32. WHO (2007). Obesity and overweight. WHO web site. Available at http://www.who.int/dietphysicalactivity/publications/facts/obesity/en/(Accessed February 2007).

  33. Willet W (1998). Nutritional Epidemiology 2nd edn. Oxford University Press: New York.

    Book  Google Scholar 

Download references

Acknowledgements

We gratefully acknowledge the fieldworkers, Ossénatou Taïrou, Armand Agloboé, Hubert Dédjan, Joël Acacha and Amzath Tidjani. The study was funded by the Canadian Institutes of Health Research (CIHR).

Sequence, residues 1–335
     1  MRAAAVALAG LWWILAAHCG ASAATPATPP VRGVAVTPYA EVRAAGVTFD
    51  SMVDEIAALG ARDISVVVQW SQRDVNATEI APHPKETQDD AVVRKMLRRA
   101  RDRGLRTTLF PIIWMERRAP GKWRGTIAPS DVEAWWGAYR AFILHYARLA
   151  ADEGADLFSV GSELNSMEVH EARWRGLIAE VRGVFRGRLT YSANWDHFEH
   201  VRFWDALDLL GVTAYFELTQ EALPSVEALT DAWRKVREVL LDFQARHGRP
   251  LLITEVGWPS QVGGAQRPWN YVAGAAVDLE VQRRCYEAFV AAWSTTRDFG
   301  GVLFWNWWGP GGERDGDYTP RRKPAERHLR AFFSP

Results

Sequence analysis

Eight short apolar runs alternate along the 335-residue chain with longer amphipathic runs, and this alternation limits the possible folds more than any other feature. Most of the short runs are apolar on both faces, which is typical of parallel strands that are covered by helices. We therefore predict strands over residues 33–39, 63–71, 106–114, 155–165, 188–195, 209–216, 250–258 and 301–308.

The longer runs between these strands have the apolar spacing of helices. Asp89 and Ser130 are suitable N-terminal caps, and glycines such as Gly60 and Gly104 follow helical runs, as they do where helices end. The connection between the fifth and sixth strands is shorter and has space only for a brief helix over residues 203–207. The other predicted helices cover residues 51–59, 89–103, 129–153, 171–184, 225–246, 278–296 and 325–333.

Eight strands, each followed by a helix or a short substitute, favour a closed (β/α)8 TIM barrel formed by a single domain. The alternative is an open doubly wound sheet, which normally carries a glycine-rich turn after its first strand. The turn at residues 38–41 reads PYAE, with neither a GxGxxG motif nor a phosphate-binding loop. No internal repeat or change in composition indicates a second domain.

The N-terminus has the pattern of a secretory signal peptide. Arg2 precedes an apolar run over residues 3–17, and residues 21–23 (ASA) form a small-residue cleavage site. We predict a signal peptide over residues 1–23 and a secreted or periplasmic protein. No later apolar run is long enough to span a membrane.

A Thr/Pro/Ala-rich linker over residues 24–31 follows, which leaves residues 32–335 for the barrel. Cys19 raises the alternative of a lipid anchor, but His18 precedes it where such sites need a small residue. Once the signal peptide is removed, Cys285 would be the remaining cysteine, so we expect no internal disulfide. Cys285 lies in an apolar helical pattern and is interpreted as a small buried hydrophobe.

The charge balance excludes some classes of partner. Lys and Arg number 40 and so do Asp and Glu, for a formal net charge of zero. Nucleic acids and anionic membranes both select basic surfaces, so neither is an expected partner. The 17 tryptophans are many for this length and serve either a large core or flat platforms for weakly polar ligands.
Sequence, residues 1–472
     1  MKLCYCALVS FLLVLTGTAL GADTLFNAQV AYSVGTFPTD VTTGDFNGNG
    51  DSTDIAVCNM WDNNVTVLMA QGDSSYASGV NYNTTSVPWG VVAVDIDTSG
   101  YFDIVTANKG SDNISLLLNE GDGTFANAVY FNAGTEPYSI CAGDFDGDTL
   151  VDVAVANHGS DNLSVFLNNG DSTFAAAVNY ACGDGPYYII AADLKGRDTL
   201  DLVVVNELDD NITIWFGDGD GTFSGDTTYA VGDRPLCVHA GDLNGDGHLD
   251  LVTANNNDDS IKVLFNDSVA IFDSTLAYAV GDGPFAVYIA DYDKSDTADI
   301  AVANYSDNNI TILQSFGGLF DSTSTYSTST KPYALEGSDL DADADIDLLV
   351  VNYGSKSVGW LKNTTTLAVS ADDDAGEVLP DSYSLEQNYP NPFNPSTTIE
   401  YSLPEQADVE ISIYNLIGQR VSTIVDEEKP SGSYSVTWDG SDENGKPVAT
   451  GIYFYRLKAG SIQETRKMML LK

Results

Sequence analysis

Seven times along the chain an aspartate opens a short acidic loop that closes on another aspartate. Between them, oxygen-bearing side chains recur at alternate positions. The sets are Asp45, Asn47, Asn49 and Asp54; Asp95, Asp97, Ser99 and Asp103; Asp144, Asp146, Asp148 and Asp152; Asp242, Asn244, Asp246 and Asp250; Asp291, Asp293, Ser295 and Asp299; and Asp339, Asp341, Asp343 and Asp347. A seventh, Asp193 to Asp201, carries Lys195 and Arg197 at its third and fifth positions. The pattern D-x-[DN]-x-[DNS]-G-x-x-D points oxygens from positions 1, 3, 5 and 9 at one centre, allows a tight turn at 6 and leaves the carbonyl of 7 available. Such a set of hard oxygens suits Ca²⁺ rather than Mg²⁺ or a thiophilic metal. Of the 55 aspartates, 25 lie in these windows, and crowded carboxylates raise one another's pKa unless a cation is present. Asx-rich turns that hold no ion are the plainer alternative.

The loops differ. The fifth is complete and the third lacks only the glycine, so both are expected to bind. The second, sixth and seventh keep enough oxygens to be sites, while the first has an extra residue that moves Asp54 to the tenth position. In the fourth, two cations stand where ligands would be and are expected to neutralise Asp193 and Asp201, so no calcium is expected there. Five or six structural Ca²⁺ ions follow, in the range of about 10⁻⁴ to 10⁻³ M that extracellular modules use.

Author information

Affiliations

Authors

Corresponding author

Correspondence to H Delisle.

Additional information

Guarantor: H Delisle.

Contributors: HD designed the study. RS collected the data under supervision of HD, BF and VA. RS and HD analysed the data and wrote the first draft of the paper. All the coauthors contributed to the revision and the finalization of the paper.

Rights and permissions

Reprints and Permissions

About this article

Cite this article

Sodjinou, R., Agueh, V., Fayomi, B. et al. Dietary patterns of urban adults in Benin: relationship with overall diet quality and socio-demographic characteristics. Eur J Clin Nutr 63, 222–228 (2009). https://doi.org/10.1038/sj.ejcn.1602906

Download citation

Keywords

  • dietary patterns
  • cluster analysis
  • diet quality
  • urbanization
  • Benin
  • Africa

Further reading

Search

Quick links